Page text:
Further details have been revealed by the board of the International Rugby League in relation to the 2026 World Cup and the tournaments beyond, though a lot is still in the ‘to be confirmed’ category.
As with last year’s delayed edition here in England, 2026 will see the men’s, women’s and wheelchair tournaments take place simultaneously.
The host nation(s) for 2026 remain unconfirmed though, and at the request of those bidding for the privilege, the IRL have now extended the deadline to put in an application until March 31, 2024.
France – currently playing host to the Rugby Union World Cup – should have been the host nation in 2025, but withdrew earlier this year. Accordingly, it will now take place a year later in the Southern Hemisphere.
2026 Rugby League World Cup update delivered; Host nation still to be confirmed
Following another delayed tournament being forced upon the game after France’s withdrawal, it was confirmed that from 2026 the World Cup will operate in a reduced format.
Just 10 men’s teams will be involved, with eight apiece in both the women’s and wheelchair tournaments. Where the men’s section is concerned, eight of those 10 spots are filled automatically with the eight quarter-finalists from last year’s World Cup.
Accordingly, only two spots remain, something which has caused great frustration for nations such as Ireland, as detailed by their captain George King in an interview with Love Rugby League.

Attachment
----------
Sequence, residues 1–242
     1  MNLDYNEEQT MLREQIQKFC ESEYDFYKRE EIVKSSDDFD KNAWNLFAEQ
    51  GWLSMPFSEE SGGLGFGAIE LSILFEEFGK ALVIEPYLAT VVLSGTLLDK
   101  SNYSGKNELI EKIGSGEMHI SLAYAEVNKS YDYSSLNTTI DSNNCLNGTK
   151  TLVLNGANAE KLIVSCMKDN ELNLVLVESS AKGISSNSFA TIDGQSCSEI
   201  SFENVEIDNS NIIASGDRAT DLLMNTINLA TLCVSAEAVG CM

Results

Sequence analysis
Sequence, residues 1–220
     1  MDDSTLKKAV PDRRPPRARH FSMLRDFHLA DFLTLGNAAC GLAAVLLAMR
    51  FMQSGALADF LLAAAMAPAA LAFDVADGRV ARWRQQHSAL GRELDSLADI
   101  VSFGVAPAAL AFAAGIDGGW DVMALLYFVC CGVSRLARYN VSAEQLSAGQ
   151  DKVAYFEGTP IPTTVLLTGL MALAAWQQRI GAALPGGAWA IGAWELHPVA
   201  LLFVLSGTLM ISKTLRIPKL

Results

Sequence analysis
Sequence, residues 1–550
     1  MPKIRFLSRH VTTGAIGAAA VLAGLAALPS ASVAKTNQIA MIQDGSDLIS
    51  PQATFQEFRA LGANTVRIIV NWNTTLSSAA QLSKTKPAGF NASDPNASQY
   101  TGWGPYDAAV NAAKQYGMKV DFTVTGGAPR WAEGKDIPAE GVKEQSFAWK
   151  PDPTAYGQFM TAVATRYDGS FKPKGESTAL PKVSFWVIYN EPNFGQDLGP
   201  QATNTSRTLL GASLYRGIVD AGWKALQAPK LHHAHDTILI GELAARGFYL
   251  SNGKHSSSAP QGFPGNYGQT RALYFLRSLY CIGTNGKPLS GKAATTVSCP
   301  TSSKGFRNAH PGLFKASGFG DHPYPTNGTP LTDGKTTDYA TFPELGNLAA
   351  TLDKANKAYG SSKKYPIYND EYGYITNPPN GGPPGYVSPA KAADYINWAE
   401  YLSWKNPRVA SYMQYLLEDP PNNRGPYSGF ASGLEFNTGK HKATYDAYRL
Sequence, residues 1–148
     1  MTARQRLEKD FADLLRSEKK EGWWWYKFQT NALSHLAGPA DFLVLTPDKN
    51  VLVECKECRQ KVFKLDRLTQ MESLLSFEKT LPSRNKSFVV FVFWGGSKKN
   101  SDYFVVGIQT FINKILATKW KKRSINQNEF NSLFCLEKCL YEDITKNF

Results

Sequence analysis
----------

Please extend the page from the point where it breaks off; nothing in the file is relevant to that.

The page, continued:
The announcement of a ‘World Series’ tournament in 2025 clears up how those last two spots will be filled. The Cook Islands – as the sole eligible Asia-Pacific nation – and the winners of the Americas, European and Middle East-Africa (MEA) qualifying tournaments will all face off, with the top two from those four claiming a place at the 2026 World Cup.
Details of the qualifying competitions will be finalised this year. Australia, Samoa, New Zealand, England, Lebanon, Tonga, Fiji and Papua New Guinea are the eight nations who already know they’ll definitely be involved in three years’ time.
Following the cancellation of the European Championships, England and Tonga face off in a three-match test series starting later this month, while the rest of those above – excluding Lebanon – will compete in the inaugural Pacific Championships down under.
Men’s, Women’s and Wheelchair World Cups to become asynchronous from 2029
Despite the success experienced by all three editions of the World Cup being held side by side last year, and the fact that same structure has been stuck with for 2026, beyond that it won’t be the case.
After 2026, the men’s (2028), women’s (2030) and wheelchair World Cups (2029) will now all be held separately. The IRL say that decision has been made to ‘increase the attractiveness of commercial sponsorships and provide more high-quality content for broadcast partners’.
A bidding process to host one or more of the 2028 Women’s Rugby League World Cup, the 2029 Wheelchair Rugby League World Cup and the 2030 Men’s Rugby League World Cup 2030 has been confirmed, and a public invitation to tender (ITT) process will be launched next week.